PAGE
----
Fabulous open views and a gentle downhill stroll start the second day. We pass through the village of Pati Bhanjyang and then contour around the next hill before beginning a steep climb to the village of Chipling. Another climb after the village, up a steep stone staircase, takes us over the next hill on the ridge, passing through forest before descending the main ridgeline to Gul Bhanjyang (2130m). On the way we pass a couple of large ‘chorten’, indicating we are crossing into Buddhist country. Gul Bhanjyang is a delightful classic hill village, situated in a pass. We are here for the night.

Day 4: Trek to Magen Goth (3150m)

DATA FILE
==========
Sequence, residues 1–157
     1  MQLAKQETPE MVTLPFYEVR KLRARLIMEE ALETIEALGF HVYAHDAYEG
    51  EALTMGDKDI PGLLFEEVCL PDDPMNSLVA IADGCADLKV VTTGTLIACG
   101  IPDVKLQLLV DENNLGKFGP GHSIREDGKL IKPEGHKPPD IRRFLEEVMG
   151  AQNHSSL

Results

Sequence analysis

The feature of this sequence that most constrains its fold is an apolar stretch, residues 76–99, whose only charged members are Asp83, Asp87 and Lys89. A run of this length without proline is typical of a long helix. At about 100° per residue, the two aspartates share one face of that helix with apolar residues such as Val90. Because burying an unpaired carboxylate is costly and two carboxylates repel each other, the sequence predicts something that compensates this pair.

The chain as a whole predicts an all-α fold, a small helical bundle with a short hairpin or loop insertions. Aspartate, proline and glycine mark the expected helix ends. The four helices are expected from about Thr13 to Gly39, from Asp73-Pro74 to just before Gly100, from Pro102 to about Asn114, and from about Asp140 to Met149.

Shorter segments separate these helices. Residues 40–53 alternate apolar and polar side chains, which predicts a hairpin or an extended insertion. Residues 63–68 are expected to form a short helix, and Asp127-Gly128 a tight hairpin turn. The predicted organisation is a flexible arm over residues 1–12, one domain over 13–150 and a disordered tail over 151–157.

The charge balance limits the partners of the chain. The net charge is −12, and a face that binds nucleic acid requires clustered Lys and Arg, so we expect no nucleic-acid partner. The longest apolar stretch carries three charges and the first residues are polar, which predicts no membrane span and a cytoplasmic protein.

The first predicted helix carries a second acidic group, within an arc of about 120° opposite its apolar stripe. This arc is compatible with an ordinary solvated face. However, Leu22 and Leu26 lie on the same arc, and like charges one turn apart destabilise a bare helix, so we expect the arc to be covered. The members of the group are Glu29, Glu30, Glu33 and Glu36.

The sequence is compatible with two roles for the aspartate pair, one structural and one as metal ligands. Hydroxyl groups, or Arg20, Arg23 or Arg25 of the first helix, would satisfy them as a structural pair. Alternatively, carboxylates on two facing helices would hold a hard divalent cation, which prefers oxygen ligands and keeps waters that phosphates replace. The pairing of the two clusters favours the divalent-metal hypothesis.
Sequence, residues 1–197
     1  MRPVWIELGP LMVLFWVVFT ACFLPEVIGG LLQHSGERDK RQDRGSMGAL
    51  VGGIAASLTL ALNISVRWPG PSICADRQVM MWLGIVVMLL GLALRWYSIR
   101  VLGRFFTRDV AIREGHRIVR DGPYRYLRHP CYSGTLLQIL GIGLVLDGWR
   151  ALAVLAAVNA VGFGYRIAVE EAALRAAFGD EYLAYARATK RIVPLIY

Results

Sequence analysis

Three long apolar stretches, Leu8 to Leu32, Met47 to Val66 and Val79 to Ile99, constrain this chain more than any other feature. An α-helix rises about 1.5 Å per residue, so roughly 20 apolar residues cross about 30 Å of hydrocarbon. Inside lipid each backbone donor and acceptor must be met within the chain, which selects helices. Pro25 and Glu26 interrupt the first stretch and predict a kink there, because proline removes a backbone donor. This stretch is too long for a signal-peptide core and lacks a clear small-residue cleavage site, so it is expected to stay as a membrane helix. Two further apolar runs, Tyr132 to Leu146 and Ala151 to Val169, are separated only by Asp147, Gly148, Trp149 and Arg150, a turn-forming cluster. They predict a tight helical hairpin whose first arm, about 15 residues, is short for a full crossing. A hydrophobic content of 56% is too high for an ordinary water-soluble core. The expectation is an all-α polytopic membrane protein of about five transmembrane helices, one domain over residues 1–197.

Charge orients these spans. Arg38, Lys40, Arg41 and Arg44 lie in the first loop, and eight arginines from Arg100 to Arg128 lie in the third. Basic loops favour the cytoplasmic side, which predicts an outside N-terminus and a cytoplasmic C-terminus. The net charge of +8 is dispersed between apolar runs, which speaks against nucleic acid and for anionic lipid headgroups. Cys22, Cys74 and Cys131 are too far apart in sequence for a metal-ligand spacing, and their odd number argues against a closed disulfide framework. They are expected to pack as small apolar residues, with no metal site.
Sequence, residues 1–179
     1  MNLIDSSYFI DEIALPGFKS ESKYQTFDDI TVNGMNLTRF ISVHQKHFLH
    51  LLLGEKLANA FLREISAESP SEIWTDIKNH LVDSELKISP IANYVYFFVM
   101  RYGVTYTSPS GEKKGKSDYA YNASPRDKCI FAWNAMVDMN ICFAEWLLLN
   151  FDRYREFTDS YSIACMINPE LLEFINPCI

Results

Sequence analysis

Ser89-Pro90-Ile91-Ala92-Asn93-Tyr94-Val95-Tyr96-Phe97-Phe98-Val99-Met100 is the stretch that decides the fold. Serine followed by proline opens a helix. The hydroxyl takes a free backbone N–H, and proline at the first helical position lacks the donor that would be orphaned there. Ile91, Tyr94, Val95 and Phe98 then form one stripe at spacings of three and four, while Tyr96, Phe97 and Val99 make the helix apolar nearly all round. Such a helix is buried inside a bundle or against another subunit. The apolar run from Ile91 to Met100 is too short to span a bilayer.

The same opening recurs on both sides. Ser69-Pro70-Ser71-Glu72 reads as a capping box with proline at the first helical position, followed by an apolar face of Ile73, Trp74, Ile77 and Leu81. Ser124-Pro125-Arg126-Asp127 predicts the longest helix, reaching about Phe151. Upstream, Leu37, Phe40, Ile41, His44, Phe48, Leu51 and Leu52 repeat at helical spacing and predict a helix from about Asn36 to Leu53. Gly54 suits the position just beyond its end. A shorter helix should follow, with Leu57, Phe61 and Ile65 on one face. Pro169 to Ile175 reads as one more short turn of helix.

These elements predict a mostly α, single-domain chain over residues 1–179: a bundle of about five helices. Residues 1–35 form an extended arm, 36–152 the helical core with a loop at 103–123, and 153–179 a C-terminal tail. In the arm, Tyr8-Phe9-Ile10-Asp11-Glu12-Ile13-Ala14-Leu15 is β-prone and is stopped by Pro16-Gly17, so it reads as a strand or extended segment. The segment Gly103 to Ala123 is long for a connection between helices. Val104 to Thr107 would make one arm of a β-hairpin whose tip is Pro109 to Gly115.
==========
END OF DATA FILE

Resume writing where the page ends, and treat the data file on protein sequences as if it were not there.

ChildrenShortly after leaving the village we cross over the ridge (at another teashop) and follow a charming path through forests and meadows to Khutumsang (2470m), yet another village set in a saddle on the ridge. We should glimpse some of the higher peaks away to the east from here. We then have a long climb up through an enchanting forest of holly-leaved oak, partially on stone steps and with the occasional view down to rice and millet terraces far below. This climb marks a change in the character of the trek – we move from the warm, terraced and populated ‘middle hills’ to the higher, and refreshingly cooler ‘temperate’ and ‘sub-alpine’ zones. By the time we arrive at the top of the climb we are in amongst rhododendrons and conifers. We cross a prayer flag laden pass, and descend into a new landscape of meadows, streams and dark woods, stopping for the night in a lodge in the hamlet of Magen Goth (3150m).